In September my calendar was filled with projects and activities. Not to mention, they were scattered all over the place—up and down the country and even across the border to Benin. I was definitely ready to be back “home” after these trips, but my time away from site was extremely valuable. I came back with new work ideas, collaborated with other PCVs, and got a bit of time away to just decompress.

First, I visited the capital city, Lomé, for a meeting with one of the committees I serve on (Gender and Development). This coincided with the swearing-in ceremony, when 39 new Volunteers took their oath of service. It was a particularly special occasion, because 2012 marks the 50th anniversary of the Peace Corps in Togo.

My training host brother, mom, PCV relatives.
The event was held at an event much larger venue than the previous two swear-in’s I’ve been in Togo for (one being my own), and included new spectacles like traditional dancers, videos, and a small trade show. 

This created a great memory for the last swear-in I’ll attend in Togo, unless I end up extending, which I do not foresee.

Next, I visited a neighboring country, Benin, for a cashew conference. The conference was organized by the African Cashew Alliance (ACA) and is considered the largest cashew gathering in the world. 

Three other Togo PCVs were invited to attend, but I was the only one who accepted the invitation. Among the more than 500 other participants, I was joined by three PCV’s from Ghana.

Grafting cashew trees.
We were given free admission to the otherwise $800 event, in exchange for a bit of work. Sometimes this was taking photos or videos; sometimes it was taking notes on sessions, and other times it meant printing name tags or copying files to 500 USB keys.

What I enjoyed most from the conference was attending informational sessions. Experts from different sectors of the cashew industry shared the current information about the economy of the industry, climate change, farming techniques, and health benefits of the nut and cashew apple. I also really enjoyed talking with the other PCVs about their work with cashews in Ghana.

I didn’t have much time during the conference, but I tied to capitalize on every spare moment I had to see Benin. The day before the conference, I went with the Ghana PCVs to a python temple in a nearby city. Early in the morning on the last day, I went to the beach.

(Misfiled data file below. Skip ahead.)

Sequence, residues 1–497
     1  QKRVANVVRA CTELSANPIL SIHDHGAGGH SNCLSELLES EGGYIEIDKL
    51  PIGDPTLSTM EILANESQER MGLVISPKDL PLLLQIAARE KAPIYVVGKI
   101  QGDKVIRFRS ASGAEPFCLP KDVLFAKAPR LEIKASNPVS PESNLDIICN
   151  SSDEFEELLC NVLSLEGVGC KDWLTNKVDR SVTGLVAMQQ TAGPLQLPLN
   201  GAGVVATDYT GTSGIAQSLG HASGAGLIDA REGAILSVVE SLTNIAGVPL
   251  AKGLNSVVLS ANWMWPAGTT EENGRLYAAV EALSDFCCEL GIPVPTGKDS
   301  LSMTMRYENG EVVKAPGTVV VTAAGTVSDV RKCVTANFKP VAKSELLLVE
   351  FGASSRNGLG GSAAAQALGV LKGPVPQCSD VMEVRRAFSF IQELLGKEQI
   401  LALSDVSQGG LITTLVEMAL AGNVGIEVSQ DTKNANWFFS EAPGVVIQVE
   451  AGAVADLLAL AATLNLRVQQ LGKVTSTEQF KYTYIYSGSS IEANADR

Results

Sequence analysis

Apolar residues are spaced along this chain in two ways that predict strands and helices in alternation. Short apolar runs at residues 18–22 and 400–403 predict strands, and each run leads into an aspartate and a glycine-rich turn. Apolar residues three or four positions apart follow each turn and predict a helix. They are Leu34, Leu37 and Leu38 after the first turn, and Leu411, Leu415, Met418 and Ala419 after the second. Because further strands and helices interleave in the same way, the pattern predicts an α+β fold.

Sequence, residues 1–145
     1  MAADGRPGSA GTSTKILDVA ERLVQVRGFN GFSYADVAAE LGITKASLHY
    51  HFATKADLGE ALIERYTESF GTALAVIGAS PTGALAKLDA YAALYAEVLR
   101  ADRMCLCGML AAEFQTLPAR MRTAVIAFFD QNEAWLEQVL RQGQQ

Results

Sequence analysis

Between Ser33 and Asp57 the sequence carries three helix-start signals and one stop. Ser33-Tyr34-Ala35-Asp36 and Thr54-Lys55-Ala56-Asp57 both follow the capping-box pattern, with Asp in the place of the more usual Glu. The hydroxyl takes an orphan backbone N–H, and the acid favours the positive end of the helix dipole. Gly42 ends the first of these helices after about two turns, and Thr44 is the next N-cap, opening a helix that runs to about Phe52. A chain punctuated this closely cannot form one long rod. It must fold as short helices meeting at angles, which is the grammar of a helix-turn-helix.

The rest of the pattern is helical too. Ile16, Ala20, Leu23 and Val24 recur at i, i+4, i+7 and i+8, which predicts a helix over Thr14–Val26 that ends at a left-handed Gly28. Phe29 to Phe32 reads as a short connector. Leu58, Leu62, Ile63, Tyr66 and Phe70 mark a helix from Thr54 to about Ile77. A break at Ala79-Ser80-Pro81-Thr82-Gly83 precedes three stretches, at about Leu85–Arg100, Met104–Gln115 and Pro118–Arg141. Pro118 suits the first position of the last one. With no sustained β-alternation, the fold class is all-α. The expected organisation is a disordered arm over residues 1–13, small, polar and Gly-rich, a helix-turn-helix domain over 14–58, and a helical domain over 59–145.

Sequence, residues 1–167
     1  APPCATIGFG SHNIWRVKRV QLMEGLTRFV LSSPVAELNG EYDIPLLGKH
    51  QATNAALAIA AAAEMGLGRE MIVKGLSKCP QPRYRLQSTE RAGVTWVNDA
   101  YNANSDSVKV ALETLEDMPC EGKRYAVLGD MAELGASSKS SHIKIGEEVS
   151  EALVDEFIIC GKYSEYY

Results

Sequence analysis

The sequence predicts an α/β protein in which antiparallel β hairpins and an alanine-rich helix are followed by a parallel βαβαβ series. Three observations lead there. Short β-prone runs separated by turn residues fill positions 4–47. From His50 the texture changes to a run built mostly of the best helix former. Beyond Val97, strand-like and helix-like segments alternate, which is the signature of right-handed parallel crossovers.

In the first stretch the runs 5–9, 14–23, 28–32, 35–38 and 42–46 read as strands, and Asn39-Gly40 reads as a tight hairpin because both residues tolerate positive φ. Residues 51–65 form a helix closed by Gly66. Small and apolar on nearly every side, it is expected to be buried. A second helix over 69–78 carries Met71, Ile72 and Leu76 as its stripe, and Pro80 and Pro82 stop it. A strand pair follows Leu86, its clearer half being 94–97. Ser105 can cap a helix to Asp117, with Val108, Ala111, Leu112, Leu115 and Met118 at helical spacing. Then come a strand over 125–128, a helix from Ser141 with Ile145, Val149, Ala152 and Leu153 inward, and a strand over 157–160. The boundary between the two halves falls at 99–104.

At the python temple.
Immediately after the cashew conference, I went back up country for an event with the U.S. Embassy. Since March, they have been working with a group of female university students who serve as mentors in high school girls clubs. To provide 20 of these mentors a platform to share best practices with one another and learn new ideas for their clubs, the Embassy decided to organize a three-day workshop.

However, the Embassy offices are located in the southern-most region of the country, and the mentors reside about seven hours up country. My site is just 20 minutes away from the mentors, so I was asked to help coordinate the event logistics. Basically, this meant keeping both the Embassy and mentors on the same page when decisions were made from either end.

An activity during the workshop.
Both organizing and participating in this event was a great experience for me. I met 20 young, educated Togolese women, which is a rarity at my site. Most of them were my age or close, and are what I consider the best Togolese friends I never had. I definitely have friends in village, but I do not feel as if I can relate to them as much as I did with these girls.

I also really enjoyed meeting and working with the representatives from the Embassy. Aside from the American government agency connection, it usually seems like we have little else in common. 

The Embassy is based in and mainly does work in the capital, which to PCVs is just “that even more foreign place of Togo with things like pizza and ice cream.” Foreign Service officers also have actual salaries and thus higher living standards and their work often includes more funded projects/activities. Conversely, PCVs work in small cities or villages throughout the country, have no individual office space, live on about $200 per month, and generally do small-scale non-funded activities.

While these differences remain, doing the workshop together made me realize the power of cross collaboration between us. It was great to connect our experiences, especially combined with the opinions and ideas of the Togolese mentors. Every decision that was made reflected a wonderful trisect of ideas from the Embassy, PCVs, and the Togolese mentors.

I only spent a few days at site before heading to my next activity, editing articles one of the Volunteer created Peace Corps publications. However, September has been what I consider the greatest period of my service to date. I felt productive, learned new things for myself and my community, and made lots of great connections. I hope things only go up from here!

At the top of a mountain we hiked on the last day--success!